Remember metaphors? My love is like a red, red rose. Oh wait, that’s a simile. A metaphor is You’re a three decker sauerkraut and toadstool sandwich with arsenic sauce. Just like You’re a Mean One, Mr. Grinch, John’s Gospel is full of sit-up-and-take-notice metaphors. In this post, I’d like to talk about the structure of the 7 metaphors and what that means for interpreting them. Here is the list in order of appearance:
John 6:35, 48, 51 I am the Bread of Life
John 9:5 I am the Light of the World
John 10: I am the Gate for the sheep
John 10:11, 14 I am the Good Shepherd
John 11:25 I am the Resurrection and the Life
John 14:6 I am the Way, the Truth and the Life
John 15:1 I am the True Vine
There are actually 10 statements in total because I am the Bread of Life is repeated three times, and I am the Good Shepherd is repeated twice. Any time we see the number 10, this is significant. In Genesis 1, we read “God said” 10 times, there are 10 plagues, 10 Commandments… Most commentators say this is the number of completeness. There is a complete picture, then, of who Jesus is in these 10 statements.
But what occurred to me as I looked at this list is that it, too may have a chiasm structure. Let’s take a look and see if this works. The first and last metaphors, bread and vine, are both food-related, and obviously connected to what Jesus says about his body and blood.
The second and sixth could be considered “the daily walk”. One verse that brings these two metaphors together is Psalm 119:105 “Your word (truth) is a lamp to my feet and a light to my path (way).” Or, from John’s Gospel, “Whoever lives by the truth comes into the light” (John 3:21). And again, “For this command is a lamp, this teaching is a light, and correction and instruction are the way to life.” (Proverbs 6:23)
The third and fifth could be considered portals. A gate is a way into and out of the sheepfold, and resurrection is a way out of the grave into life. When Jesus raises Lazarus from the dead, he doesn’t say, “Stop being dead!”, he says “Come out!”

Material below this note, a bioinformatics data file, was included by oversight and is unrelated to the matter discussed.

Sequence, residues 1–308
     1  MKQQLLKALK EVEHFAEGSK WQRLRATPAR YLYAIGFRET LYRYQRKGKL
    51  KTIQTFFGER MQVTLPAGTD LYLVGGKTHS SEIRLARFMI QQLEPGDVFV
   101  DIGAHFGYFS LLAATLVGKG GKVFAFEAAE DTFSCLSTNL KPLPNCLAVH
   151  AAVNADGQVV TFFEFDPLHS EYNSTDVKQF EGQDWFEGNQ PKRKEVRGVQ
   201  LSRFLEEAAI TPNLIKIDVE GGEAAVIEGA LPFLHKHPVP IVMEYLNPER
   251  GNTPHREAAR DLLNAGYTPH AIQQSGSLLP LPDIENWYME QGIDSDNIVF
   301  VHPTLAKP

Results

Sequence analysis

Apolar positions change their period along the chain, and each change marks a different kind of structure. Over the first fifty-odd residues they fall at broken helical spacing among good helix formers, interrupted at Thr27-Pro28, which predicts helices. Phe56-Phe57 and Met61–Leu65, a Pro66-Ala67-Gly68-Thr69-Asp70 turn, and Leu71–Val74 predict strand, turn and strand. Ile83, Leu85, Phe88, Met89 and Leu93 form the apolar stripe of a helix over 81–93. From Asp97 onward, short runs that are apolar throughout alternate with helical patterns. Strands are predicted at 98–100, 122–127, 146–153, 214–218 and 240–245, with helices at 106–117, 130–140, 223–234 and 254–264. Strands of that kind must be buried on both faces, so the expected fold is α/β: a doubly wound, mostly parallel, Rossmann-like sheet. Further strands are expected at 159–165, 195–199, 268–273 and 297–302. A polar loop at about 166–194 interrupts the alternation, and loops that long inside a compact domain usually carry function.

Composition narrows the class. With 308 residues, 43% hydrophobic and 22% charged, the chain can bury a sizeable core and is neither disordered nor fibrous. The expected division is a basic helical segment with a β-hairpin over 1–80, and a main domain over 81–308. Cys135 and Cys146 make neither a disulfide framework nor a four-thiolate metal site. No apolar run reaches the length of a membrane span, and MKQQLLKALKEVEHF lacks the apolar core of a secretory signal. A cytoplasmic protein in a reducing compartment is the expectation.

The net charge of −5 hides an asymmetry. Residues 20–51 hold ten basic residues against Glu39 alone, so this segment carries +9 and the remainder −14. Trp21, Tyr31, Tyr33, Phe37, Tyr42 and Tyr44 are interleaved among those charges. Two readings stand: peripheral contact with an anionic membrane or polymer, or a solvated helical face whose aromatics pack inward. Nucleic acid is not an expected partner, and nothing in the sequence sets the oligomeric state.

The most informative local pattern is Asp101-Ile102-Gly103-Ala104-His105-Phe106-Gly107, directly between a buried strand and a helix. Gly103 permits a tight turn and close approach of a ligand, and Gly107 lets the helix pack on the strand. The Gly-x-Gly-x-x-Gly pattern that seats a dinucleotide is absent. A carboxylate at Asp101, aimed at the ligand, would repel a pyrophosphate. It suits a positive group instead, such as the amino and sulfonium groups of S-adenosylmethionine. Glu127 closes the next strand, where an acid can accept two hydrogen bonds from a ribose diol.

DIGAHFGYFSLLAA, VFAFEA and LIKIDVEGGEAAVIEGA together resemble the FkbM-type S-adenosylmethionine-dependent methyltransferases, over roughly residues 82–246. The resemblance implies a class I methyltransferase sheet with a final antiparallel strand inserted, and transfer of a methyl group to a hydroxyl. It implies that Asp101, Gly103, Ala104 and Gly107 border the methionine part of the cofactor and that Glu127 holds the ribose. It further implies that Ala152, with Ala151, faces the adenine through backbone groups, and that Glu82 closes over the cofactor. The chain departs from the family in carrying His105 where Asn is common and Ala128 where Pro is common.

But the fourth is the only one about a person. And, most important, it is repeated twice, a confirmation that this is the centre of the X to which John wants to draw our attention.
There are three further things to notice here: One, Jesus is calling us to himself, not only to his teaching. Later in the Gospel, he calls his disciples friends. This is one of the unique and compelling distinctives of the Christian faith.
Two, Jesus is a shepherd. A shepherd’s primary concern is to keep the sheep fed and healthy. He takes the sheep out to pasture, leads them to water, fends off predators, treats injury. Unlike European shepherds, who who drive their flock from behind and use sheepdogs to keep them together, Near-Eastern shepherds, at least in Jesus’ time, would walk ahead of or beside the flock, talking, singing, or even playing a flute to them, and the sheep would follow the sound. Through this metaphor we are invited to listen to Jesus’ voice and follow him.
Third, Jesus is good. Good at his job? Kind and caring? Sure, but the sentences that follow the “I am the Good Shepherd” statements explain what he means. “The good shepherd lays down his life for the sheep.”(10:11) “I know my own and my own know me… and I lay down my life for my sheep.”(10:15) So Jesus is good because he lays down his life for the sheep. At the centre of the X, we find the cross.
One of the goosebump-inducing benefits of studying the literary structure of the Bible is how it leads us deeper into the truth. However, it’s not enough to know that John wants us to know that Jesus is the Good Shepherd. We need to know Jesus as Good Shepherd ourselves. For me, appreciating the metaphors leads me to love the Person more.
For a lot of people, the Bible is either art or truth. For me, it's both, and I hope to persuade readers in both camps to see the other perspective.